Once a month, I hold a dinner in my home. On SOUPer Friday, we share a simple meal that does indeed include soup along with bread and dessert. The food is delicious (Yes, I am boasting a bit.) but what is extraordinary about this gathering is what happens around the table.  We are friends, who have become family, as we have shared what is important to our hearts.  In our case, there is much lively conversation about ministries and missions we are involved with.  We often have someone new come to add to the conversation by sharing what is happening in their world.  It is a simple way to encourage and be encouraged through the stories of good–maybe we could even call them super— things happening in our communities and around the planet.

This is a recipe from Taste of Home that has become a favorite at our SOUPer dinners–

Tomato Basil Soup Recipe

  • 4 medium carrots, finely chopped
  • 1 large onion, finely chopped
  • 1/4 cup butter, cubed
  • 1 can (49 ounces) reduced-sodium chicken broth or 6 cups of vegetable broth, divided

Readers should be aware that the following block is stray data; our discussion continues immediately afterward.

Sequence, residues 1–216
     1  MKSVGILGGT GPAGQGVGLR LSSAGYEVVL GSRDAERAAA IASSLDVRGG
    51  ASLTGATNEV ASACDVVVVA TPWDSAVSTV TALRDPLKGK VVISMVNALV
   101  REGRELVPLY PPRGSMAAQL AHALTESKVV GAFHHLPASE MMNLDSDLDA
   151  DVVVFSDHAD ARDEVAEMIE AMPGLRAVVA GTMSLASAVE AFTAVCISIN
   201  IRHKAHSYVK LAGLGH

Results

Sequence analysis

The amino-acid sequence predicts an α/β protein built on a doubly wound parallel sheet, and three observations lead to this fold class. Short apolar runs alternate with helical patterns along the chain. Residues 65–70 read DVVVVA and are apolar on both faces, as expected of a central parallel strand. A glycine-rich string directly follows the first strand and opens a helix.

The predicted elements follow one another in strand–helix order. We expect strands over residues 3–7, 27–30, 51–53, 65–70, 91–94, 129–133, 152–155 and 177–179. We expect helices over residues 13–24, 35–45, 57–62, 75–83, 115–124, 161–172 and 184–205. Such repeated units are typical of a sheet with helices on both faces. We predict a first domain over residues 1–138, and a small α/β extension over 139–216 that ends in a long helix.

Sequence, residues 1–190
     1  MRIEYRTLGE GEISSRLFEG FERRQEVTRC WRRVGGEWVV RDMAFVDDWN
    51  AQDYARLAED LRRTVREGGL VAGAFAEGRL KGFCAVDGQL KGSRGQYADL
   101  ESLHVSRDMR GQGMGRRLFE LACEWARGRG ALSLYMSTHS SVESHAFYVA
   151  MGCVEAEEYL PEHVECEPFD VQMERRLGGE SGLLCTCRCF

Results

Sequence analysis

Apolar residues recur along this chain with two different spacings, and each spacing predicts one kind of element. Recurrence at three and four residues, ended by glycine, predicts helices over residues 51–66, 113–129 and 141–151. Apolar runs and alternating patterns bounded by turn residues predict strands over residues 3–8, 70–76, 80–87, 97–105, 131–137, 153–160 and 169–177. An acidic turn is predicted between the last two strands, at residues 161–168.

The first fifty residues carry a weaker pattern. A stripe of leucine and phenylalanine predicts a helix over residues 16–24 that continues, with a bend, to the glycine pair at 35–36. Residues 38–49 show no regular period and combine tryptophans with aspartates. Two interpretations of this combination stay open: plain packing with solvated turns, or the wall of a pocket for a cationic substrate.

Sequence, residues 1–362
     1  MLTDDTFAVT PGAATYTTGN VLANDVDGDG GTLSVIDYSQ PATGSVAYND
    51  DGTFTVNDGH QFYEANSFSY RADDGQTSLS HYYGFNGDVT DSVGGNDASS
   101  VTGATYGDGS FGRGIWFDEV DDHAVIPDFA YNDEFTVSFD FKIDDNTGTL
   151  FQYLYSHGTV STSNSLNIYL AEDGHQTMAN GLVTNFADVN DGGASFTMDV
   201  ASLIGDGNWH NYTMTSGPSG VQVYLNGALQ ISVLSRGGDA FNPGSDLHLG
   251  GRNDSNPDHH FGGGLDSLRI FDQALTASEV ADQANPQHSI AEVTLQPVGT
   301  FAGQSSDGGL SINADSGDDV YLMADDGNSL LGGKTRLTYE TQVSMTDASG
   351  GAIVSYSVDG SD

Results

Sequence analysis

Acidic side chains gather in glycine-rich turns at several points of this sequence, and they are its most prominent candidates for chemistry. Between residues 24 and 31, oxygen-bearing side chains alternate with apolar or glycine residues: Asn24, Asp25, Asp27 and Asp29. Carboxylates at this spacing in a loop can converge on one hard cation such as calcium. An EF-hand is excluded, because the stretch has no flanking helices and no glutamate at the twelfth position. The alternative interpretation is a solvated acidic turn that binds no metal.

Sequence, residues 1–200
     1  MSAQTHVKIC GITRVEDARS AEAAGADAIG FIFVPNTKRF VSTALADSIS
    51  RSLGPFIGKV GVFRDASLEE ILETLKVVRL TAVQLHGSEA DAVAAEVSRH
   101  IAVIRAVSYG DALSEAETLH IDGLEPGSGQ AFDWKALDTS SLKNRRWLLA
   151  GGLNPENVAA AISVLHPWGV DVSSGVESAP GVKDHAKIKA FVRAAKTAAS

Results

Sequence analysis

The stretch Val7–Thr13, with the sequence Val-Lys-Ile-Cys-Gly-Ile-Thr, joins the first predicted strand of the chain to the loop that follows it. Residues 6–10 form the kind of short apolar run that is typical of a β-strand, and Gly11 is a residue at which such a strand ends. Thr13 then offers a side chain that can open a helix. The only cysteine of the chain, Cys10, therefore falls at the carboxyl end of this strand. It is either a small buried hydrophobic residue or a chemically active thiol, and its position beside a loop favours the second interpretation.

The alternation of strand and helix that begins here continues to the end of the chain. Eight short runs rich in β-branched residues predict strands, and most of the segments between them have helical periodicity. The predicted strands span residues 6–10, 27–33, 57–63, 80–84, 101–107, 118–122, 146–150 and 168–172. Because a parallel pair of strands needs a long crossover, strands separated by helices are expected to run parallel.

• 1 can (29 ounce) crushed tomatoes
  • 5 teaspoons dried basil
  • 1 1/2 teaspoons sugar
  • 1/2 teaspoon salt
  • 1/2 teaspoon white pepper
  • 1 can (12 ounces) fat-free evaporated milk


  1. In a Dutch oven, cook carrots and onion in butter over medium low heat for 30 minutes or until vegetables are tender, stirring occasionally. Remove from heat and cool slightly.
  2. In a blender, place 1/2 broth and the cooled vegetables; cover and process until blended.  Return to the Dutch oven. Stir in the crushed tomatoes, basil, sugar, salt, pepper and remaining broth.
  3. Bring to boil. Reduce heat; simmer, uncovered, for thirty minutes.  Reduce to low. Gradually stir in evaporated milk; heat through (do not boil).  Yield: 6 servings (2 1/4 quarts)
  4. Enjoy!